Monday, October 5, 2009

Creepy Aesthetes & The Cult of Genius


The last time that I mentioned Goethe's Italian Journey, I commended Goethe for seeking to understand art as art, not by using lots of big words and abstract nouns to praise the artist's genius, but by examining the artist's hisotrical background and limitations. In other words, he actually studied the art, and so he knew how to judge the art as art. However, the following passage shows that just because an artist knows how to judge art as art or create beautiful art, he doesn't necessarily know how to judge art in relation to other things, such as morality.
The day before yesterday I visited Lord Hamilton at his villa near Posillipo. One cannot imagine a more glorious sight on God's green earth. After our meal, a dozen youths swam in the sea--that was a beautiful sight. The many groups they formed and the poses they struck while playing! He pays them to do this, so that he might have this pleasure every afternoon. (Letter from Tischbein to Goethe, Italian Journey; July 10, 1787)

Did anything there strike you as strange? How about the last line about paying boys to swim by his villa (pictured below)? I thought that was strange. Why does this strike me (and many others, I presume) as a bit, well, creepy?

There are two reasons. First, there are the obvious homoerotic and pederastic overtones here--paying for the sight of young boys wearing little or no clothing. Certainly, most fathers would not be happy when he found out some old man was enticing his son to take off his clothes for his pleasure.

However, that doesn't explain Goethe, Tischbein, and Lord Hamilton. There's no evidence that any of these men was a pederast. Indeed, Lord Hamilton kept a young, nubile woman, Emma Hart (pictured below), at his villa for "aesthetic purposes." Goethe mentions elsewhere (March 16, 1787) that Emma would dance for guests wearing only light sheets and pose for painters in very artistic poses, such as a devotee of Bacchus, or as Ariadne. However, the oddity of Lord Hamilton's relationship to Emma doesn't end there; he later actually married her, despite the unseemly difference in age between the two. But, it doesn't end there either. He later encouraged her to become Horatio Nelson's lover, and even shared his home with the couple and with Emma's mother. This behavior is certainly strange, and repulsive, but it has nothing to do with pederasty.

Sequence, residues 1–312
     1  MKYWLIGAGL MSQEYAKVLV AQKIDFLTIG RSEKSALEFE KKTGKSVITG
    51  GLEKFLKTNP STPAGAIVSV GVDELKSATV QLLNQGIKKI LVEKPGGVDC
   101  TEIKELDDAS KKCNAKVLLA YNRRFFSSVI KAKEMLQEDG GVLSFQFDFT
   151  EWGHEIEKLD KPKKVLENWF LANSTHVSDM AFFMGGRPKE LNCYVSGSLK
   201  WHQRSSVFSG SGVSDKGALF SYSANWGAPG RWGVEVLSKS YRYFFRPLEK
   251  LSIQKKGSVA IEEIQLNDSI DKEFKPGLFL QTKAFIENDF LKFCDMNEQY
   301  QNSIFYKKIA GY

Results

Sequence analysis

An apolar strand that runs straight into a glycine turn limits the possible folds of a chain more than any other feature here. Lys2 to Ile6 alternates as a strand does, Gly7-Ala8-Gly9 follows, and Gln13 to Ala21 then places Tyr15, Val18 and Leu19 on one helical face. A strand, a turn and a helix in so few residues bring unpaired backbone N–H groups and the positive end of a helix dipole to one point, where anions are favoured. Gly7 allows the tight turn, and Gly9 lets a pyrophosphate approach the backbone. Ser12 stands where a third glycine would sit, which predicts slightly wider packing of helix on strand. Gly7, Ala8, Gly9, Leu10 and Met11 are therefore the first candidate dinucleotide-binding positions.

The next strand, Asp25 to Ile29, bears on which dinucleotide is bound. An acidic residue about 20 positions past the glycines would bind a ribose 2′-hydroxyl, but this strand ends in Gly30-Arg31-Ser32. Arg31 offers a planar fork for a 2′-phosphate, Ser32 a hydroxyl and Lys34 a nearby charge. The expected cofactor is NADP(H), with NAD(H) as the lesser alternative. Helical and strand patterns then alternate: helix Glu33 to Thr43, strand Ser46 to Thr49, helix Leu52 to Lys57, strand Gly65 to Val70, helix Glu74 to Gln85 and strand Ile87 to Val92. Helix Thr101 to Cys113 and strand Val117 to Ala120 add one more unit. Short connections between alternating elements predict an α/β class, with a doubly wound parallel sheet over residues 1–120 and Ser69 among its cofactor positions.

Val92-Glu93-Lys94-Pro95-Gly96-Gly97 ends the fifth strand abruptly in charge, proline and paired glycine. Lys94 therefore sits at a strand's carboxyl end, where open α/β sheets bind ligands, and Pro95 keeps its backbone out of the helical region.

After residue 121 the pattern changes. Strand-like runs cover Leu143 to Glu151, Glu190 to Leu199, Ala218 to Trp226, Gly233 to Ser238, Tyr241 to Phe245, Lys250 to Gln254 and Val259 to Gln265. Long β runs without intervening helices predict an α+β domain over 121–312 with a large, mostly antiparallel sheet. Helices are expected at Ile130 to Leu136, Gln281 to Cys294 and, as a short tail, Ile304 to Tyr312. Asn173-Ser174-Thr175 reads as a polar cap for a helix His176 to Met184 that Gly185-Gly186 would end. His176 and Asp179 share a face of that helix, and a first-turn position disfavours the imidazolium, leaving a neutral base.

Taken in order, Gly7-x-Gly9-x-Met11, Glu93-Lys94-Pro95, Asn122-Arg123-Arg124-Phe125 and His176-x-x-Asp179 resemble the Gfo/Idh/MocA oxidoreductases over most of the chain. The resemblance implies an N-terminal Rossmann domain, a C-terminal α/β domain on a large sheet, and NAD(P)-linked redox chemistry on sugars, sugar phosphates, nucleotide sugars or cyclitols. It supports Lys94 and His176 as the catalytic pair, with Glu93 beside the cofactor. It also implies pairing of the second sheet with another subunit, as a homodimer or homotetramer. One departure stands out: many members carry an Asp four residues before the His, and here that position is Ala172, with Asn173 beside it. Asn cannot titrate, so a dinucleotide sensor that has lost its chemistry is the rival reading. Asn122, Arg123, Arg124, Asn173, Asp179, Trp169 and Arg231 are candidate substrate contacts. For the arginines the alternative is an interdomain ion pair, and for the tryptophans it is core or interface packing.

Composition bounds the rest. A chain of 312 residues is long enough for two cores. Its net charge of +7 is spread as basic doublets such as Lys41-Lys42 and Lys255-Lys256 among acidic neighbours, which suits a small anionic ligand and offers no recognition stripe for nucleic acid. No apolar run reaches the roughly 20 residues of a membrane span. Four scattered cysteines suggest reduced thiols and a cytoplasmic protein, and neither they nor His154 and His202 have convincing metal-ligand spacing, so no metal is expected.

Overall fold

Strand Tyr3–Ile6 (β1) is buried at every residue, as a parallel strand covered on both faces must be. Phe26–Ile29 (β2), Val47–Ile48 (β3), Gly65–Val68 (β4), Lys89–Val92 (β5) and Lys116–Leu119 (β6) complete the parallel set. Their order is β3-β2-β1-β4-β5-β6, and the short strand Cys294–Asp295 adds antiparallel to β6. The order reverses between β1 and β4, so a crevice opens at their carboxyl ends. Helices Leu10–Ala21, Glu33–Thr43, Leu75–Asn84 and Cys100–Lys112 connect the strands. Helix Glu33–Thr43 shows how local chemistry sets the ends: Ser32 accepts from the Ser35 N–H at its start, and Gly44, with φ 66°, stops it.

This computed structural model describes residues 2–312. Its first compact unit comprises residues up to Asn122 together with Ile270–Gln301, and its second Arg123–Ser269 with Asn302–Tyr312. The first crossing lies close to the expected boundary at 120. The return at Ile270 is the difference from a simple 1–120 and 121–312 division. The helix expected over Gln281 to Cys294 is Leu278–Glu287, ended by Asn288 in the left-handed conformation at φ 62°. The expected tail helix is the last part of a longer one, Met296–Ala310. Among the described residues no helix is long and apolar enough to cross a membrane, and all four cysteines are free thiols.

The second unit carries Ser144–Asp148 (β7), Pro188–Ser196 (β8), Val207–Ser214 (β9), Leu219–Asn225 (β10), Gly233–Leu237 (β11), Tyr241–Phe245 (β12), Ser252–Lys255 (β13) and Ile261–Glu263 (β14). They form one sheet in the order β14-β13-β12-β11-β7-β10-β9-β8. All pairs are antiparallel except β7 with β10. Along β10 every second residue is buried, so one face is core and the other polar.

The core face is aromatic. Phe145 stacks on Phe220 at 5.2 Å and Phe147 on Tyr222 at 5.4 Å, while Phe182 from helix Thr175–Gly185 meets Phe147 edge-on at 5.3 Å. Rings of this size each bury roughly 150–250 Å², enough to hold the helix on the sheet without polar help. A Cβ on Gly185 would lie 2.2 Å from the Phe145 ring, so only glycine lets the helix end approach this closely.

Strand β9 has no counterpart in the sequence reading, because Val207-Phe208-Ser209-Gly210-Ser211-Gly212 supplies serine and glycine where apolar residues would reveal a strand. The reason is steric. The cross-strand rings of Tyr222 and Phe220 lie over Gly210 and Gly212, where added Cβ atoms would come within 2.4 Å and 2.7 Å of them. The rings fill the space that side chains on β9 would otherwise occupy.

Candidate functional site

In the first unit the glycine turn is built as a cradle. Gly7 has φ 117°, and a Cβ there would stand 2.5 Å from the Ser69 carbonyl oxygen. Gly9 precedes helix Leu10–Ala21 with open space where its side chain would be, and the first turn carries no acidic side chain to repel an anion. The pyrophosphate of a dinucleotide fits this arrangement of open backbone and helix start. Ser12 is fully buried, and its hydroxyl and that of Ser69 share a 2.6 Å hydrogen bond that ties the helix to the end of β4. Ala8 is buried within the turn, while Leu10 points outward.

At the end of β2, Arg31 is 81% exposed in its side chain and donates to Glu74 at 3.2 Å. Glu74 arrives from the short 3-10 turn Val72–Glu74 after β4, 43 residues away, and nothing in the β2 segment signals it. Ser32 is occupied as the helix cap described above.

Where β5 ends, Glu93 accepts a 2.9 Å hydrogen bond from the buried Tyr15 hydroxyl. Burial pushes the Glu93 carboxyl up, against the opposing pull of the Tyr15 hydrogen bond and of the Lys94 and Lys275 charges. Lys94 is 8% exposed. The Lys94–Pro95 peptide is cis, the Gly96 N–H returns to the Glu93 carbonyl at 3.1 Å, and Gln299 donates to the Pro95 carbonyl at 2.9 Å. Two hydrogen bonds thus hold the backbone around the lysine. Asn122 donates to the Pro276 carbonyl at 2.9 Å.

There must then be a second reason why this all seems a little creepy: Lord Hamilton (and perhaps Goethe and Tischbein too) treated Emma Hart and the young swimmers simply as pieces of art. They seemed to think that their aesthetic interests--enjoying the beauty of the human form--took priority over normal ethical rules, especially those concerning sex. They didn't even need to maintain the appearance of propriety, because they were above all those petty rules.

This isn't the only example of an aesthete who thinks that the normal rules of morality don't apply to him. The obvious contempoary example is Roman Polanski. Whatever the artistic merits of his films, they simply do not excuse the crime to which he pleaded guilty. Listening to his "aesthetic" friends from Hollywood and France, however, you could be forgiven for thinking that child rape is not a crime when committed by a great director.

What explains the difficulty that some artists and other aesthetic types have in recognizing what for most people are clear ethical boundaries? My only explanation is that some artists are prone to genius-worship. They think that anyone capable of creating beauty in a work of art should therefore be free to create beauty in their own lives--by their own standards. The artist as a god: that is the essence of the modern cult of genius.

This obviously is not meant as a smear on all artists. All this tells us is that being an artist does not by itself qualify someone to speak on matters of morality. Conversely, however, being a good person does not qualify someone to speak as an expert on matters of art. However, in today's world, where the cult of genius is so prevalent, there is a temptation for artists, or anyone who wants to be a genius, to construct his own moral universe. Geniuses, however, have to live by the same rules we all do.
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